Experts probe bird flu link to Hungary

East Anglia's biggest poultry processor faced some tough questions tonight as the government said the strain of bird flu found at a farm in Suffolk may have been brought in via imports from Hungary.

East Anglia's biggest poultry processor faced some tough questions tonight as the government said the strain of bird flu found at a farm in Suffolk may have been brought in via imports from Hungary.

Less than a day after Bernard Matthews “absolutely ruled out” any link to the recent Hungarian outbreak, deputy chief vet Fred Landeg said the two viruses “may well be identical”.

The beleaguered company, which has a division in Sarvar, Hungary, has agreed to temporarily suspend the movement of poultry products between its outlets in the two countries.

Experts from Defra, the Food Standards Agency and the Health Protection Agency will now step up their investigation into the possible link.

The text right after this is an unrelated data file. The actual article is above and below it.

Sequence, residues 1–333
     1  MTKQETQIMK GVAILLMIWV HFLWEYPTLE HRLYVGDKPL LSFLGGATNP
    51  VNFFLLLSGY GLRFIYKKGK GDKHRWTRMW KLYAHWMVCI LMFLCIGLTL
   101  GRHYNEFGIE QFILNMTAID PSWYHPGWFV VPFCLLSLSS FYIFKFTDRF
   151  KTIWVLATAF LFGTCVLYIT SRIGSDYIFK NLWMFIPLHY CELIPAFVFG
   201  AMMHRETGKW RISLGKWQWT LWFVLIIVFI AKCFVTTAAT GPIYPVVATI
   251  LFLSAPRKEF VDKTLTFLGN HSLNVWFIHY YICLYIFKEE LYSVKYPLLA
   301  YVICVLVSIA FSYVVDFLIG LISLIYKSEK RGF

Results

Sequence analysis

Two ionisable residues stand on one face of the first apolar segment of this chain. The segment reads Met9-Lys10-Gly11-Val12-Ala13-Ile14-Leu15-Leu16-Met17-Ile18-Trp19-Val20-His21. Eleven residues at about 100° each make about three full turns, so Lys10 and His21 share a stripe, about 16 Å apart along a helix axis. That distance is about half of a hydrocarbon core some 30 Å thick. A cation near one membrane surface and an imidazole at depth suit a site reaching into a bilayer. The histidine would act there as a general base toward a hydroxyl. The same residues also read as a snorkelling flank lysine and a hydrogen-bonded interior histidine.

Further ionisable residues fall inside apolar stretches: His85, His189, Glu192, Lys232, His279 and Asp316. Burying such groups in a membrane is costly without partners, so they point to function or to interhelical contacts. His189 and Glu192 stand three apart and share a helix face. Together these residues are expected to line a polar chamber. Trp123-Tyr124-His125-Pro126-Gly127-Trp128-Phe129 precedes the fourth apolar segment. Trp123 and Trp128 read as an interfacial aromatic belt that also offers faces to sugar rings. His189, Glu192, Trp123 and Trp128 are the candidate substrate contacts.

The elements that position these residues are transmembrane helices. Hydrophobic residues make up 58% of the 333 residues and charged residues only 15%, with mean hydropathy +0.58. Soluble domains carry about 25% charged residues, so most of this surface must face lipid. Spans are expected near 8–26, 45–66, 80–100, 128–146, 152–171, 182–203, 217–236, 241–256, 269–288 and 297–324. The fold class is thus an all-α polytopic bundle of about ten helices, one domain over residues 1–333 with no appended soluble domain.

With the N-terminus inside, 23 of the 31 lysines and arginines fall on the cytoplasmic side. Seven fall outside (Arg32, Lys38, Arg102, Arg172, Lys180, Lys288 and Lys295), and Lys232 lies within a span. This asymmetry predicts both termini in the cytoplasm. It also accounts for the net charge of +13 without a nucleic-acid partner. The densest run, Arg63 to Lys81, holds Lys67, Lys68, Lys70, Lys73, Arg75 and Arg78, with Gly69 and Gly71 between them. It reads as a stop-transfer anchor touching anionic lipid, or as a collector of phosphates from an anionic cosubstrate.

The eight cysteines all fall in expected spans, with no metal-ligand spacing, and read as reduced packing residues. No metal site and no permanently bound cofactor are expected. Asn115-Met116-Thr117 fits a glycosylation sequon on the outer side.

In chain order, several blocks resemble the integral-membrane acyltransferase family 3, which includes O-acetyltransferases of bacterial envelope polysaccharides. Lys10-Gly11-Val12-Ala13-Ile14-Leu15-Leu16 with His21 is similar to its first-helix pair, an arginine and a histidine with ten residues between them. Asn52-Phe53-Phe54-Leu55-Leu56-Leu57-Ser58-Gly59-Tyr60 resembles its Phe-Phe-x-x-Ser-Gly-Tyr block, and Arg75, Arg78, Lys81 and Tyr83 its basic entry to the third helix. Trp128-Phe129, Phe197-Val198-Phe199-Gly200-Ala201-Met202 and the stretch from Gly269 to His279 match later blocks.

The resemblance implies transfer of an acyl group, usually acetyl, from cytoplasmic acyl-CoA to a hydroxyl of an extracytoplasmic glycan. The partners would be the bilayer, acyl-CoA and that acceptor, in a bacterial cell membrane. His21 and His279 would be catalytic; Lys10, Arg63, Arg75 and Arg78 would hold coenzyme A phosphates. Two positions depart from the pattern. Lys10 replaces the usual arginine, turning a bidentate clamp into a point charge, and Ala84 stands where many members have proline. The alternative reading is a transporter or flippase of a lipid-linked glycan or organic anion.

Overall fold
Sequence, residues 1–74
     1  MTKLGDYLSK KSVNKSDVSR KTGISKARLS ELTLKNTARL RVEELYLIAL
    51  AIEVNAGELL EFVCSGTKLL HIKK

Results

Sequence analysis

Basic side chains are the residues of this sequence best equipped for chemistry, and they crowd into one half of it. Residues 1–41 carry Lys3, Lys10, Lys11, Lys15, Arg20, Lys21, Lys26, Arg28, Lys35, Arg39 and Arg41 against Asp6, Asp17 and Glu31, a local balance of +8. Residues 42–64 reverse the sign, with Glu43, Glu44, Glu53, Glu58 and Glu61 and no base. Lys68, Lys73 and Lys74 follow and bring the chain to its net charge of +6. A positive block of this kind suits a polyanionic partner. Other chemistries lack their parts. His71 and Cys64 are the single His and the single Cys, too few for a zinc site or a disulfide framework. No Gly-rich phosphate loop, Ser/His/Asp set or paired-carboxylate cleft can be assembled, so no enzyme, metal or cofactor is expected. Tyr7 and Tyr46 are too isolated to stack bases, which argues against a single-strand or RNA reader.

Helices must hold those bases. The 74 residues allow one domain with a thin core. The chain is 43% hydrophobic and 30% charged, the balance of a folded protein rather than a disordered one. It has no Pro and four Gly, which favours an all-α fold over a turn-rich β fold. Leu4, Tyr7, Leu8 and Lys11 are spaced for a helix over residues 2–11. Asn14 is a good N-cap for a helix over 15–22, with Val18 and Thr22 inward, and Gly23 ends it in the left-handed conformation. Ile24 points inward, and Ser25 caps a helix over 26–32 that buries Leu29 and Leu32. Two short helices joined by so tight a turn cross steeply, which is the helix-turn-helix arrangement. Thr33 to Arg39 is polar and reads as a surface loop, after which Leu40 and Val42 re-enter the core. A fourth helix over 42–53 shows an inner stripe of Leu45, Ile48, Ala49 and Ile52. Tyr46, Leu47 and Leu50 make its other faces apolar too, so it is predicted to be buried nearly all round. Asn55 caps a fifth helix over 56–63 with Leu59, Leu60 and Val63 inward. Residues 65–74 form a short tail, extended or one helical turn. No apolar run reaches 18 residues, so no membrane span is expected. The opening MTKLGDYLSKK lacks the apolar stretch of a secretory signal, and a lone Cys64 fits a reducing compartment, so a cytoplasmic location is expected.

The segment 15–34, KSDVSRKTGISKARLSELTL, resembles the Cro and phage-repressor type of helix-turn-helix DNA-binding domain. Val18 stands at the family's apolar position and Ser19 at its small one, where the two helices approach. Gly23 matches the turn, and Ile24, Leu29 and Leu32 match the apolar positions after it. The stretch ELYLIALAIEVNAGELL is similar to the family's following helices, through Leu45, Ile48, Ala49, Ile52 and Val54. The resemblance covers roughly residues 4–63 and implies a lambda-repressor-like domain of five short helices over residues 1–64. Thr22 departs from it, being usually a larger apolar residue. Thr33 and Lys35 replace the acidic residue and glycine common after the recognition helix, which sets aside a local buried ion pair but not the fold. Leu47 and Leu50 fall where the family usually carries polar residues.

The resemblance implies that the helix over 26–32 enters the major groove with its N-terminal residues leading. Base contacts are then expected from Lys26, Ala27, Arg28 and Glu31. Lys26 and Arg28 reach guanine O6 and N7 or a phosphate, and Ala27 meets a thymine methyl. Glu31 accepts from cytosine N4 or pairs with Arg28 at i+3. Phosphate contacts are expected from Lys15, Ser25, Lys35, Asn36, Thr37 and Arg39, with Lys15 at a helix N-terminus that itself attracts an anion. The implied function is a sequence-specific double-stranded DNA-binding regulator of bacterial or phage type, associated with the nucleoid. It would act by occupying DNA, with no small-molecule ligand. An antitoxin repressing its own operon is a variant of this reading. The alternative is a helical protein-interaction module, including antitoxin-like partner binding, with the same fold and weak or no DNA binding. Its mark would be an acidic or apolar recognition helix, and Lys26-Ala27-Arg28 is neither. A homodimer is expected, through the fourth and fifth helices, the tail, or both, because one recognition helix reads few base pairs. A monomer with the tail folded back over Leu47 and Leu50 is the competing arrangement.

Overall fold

The highly pathogenic H5N1 strain was found in Hungary in January.

Mr Landeg said a possible route of infection was from imported “poultry product”.

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A Defra statement said: “Defra, the Food Standards Agency and the Health Protection Agency are investigating the possibility of a link between the Hungarian outbreaks, poultry meat from Hungary and the introduction of disease in the farm in Suffolk.”

It added that the risk to human health remained negligible and properly cooked poultry was safe to eat.

The infection killed 2,500 turkeys in Holton, near Halesworth, last week before vets moved in to slaughter the remaining 160,000 birds at the site.